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Ice cream producers need to pay GST at 18% (HSN – 21050000), where the key ingredients are sugar, milk, dry fruits, etc., used to produce the ice cream.
Ice cream producers can claim the input tax credit (ITC) of the key ingredient milk, which is brought under the purview of GST from 18th July 2022 and is also allowed to avail ITC on the costs incurred for maintenance expenses, advertising, packaging, renting or acquiring plant, machinery, and factory premises.
Ice cream producers aren’t allowed to opt for the composition scheme and pay a minimum tax of 1% even if the ice cream producer’s turnover is below INR 1.5 crores. In the recently concluded 45th GST meet, ice-cream parlours in the trade of supplying manufactured ice-creams will be taxed at 18 per cent with an input tax credit available to them.
The finance ministry also clarified that GST at 18% won’t be effective retrospectively. The past dues of GST of ice-cream parlours that have been taxed at 5% without input tax credit would be treated as fully GST paid to avoid unnecessary litigation.
As per circular no. 164 dated 6th October 2021, even if the ice cream creams supplied at ice cream parlours contain service ingredients, they won’t qualify as a restaurant. Accordingly, an 18% GST would apply to ice cream sold by parlours or such outlets.
When ice creams are served at a restaurant, it will attract GST depending upon the applicability of GST on the restaurant as a service of supplying goods in the form of food and will be classified as restaurant services. So in case a restaurant supplies beverages, food, or ice cream, it would be treated as restaurant service.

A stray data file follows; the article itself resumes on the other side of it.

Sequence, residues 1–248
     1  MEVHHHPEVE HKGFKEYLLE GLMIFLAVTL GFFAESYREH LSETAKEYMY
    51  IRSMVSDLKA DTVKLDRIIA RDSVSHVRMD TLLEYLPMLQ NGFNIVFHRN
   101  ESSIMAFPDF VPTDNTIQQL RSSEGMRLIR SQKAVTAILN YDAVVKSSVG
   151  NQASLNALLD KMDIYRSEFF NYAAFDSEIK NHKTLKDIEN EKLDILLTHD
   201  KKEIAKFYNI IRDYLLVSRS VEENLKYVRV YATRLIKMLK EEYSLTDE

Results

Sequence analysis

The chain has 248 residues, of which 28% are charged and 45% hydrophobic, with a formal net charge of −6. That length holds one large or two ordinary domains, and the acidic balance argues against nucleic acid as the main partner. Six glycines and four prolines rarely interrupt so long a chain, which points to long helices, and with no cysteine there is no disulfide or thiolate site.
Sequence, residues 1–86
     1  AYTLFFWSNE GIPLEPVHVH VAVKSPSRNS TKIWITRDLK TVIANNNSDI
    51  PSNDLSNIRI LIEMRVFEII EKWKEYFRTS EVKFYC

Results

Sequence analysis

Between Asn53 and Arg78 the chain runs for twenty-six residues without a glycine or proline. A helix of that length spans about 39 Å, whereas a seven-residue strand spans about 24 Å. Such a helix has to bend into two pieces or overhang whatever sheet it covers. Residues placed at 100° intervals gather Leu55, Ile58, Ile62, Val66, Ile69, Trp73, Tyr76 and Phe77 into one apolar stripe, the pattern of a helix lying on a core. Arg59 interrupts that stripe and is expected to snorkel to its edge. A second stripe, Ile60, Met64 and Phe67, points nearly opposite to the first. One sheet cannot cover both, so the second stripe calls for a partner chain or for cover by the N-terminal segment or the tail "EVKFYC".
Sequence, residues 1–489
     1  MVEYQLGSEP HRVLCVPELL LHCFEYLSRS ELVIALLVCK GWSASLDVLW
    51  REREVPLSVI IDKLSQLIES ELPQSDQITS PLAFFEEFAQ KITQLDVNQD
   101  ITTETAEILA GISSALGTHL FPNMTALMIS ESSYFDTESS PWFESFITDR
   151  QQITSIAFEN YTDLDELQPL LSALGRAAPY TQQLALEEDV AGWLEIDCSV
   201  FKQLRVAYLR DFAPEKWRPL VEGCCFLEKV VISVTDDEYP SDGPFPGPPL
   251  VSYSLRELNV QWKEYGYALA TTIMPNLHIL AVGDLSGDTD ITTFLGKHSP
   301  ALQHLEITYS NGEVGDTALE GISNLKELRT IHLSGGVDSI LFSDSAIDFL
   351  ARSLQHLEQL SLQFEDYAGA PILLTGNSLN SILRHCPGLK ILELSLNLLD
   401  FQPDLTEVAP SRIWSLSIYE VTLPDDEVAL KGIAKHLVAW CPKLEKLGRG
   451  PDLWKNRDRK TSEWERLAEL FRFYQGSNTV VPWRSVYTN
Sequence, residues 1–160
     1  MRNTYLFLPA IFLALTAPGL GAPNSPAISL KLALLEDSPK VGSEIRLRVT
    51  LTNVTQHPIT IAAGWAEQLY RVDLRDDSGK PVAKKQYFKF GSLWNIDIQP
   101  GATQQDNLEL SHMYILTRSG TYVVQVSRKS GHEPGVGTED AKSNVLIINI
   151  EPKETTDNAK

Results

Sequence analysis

The AAR Maharashtra held that GST at 18% would be levied on the supply of ice cream scoops. The applicant, Arihant Enterprises, sold ice creams in retail packs and as ice cream scoops under a franchisee model, the majority of sales of the company were through retail packs.
The applicant argued that serving ice cream scoops involved only minimal service. And only some of the franchise outlets had limited seating arrangements, primarily for senior citizens and mothers accompanying their toddlers.
Patrons were free to eat the ice cream scoops outside the outlet. The AAR held that serving ice cream scoops didn’t encompass any service element and is, by nature, a supply of goods. The transaction would be GST at 18%, and the company is eligible for an input tax credit (ITC).
The AAR observed that the company sold ice creams in the same form as was received by the company and at rates not exceeding the maximum retail price (MRP). Further, the AAP observed that in most cases, ice creams were consumed outside the outlets. It was, hence, held that the transaction is nothing but a supply of goods.